“richly drawn characters and suspense . . . make a satisfying thriller . . .”
Harlan Coben is often called a modern master of the thriller, and The Match is another satisfying mystery sure to please his legions of fans. He has a particular talent for pacing, keeping readers invested in stories through all of their twists and turns.
The Match is a sequel to 2020’s The Boy in the Woods, and there are references to past events sprinkled throughout the book that may be confusing to anyone jumping in without having read the previous book. The beginning is a bit confusing, as it builds off tensions built between characters who have complicated backstories that new readers aren’t privy to, but as the new story develops, those details die down and are limited to small mentions here and there.
Wilde is the previous book’s titular boy in the woods—he was found as a small child wandering through a forest and has few memories from that time in his life. The Match starts out with him giving into temptation with a (half-hearted) search for relatives through ancestry websites. When a match comes back, he meets a man who says he’s Wilde’s father, but then abandons the entire venture, as he doesn’t want to be a burden on anyone’s life.
However, Wilde gets another message before he removes himself from all the databases he signed up for—and though the communication has a tone of desperation, Wilde decides to ignore it and retreats off the grid.
Coben seems to know he has a good thing in his main character, and these books could be seen as a strong foundation for a potential series. Wilde is understandably stoic and serious, but other characters who are close with him, including his deceased best friend David’s widow and teenage son, are able to bring out moments of humanity that form a more fully rounded character.
The development of Wilde’s relationships with Laila and Matthew provides the story with a lot of heart as they all sort through their complicated feelings surrounding how their lives are tied together. And Matthew in particular provides moments of much-needed levity with gentle teenage quips. Coben has a strong feel for how to write found families that readers will connect with.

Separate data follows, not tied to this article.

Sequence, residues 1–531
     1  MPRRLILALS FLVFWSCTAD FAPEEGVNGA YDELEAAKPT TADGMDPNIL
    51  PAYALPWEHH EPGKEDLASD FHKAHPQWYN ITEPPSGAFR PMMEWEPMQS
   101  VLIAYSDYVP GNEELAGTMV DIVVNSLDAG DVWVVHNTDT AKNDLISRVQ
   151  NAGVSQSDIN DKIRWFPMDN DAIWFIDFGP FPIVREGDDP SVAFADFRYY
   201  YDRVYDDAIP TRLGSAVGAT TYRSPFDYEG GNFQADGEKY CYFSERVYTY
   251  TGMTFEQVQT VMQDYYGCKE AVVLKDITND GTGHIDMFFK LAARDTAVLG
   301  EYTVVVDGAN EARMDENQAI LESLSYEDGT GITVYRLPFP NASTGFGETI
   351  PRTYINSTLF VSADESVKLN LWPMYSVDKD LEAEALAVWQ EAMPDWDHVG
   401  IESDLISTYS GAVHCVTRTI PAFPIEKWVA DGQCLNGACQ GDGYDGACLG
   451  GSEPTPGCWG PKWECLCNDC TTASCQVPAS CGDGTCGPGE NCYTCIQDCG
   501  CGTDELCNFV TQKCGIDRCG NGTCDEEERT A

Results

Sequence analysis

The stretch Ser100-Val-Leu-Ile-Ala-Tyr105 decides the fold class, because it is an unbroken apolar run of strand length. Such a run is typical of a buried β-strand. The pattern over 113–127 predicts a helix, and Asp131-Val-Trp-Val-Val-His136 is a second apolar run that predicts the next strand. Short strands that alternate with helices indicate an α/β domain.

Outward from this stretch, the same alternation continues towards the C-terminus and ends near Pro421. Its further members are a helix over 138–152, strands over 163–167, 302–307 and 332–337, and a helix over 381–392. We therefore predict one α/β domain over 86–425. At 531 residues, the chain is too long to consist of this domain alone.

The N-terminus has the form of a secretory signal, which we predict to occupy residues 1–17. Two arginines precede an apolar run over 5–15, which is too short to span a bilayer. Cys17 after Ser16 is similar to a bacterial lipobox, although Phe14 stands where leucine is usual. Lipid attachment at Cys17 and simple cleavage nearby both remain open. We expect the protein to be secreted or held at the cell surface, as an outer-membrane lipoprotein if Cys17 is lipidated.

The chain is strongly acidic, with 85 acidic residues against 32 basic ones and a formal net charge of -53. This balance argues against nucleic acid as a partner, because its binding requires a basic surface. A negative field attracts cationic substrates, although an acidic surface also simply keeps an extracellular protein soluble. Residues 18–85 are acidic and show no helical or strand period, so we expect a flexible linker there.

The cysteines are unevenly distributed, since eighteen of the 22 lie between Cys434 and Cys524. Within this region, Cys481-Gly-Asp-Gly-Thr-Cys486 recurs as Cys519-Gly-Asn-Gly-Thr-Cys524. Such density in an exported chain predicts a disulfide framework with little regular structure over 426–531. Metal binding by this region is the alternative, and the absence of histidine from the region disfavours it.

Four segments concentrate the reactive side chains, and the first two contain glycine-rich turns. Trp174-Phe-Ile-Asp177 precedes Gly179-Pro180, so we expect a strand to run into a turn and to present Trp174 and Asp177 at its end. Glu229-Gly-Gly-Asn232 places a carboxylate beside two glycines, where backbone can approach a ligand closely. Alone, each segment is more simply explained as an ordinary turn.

Wilde eventually reconsiders his decision to ignore his other possible relative, but when he tries to answer months later, the profile has been deleted. Luckily, the woman who found him in the woods (and David’s mother), is Hester Crimstein, noted attorney and a frequent side character in many other Coben novels. Between her digging and the convenient investigative skills of Wilde’s foster sister, Rola, he’s able to get more information and start searching for his presumed relative in earnest.
Wilde finds that the second relative is a disgraced reality TV star who has disappeared without a trace. During his search, Wilde sets off the alarms of an anonymous internet vigilante group who have taken it upon themselves to get revenge on people who they feel have gotten away with especially bad online bullying.
There is a lot going on in this book, from the exploration of biological and found family, to the side-effects of temporary fame, to a condemnation of internet trolls, and the story feels like it could have been honed a bit to make things a bit less convoluted. The ending and switches in perspective in particular feel a bit more thrown together than expected, and Coben’s signature second twist comes a bit out of left field.
However, the richly drawn characters and suspense overcome these small issues to make a satisfying thriller that will keep readers turning the pages to the very end.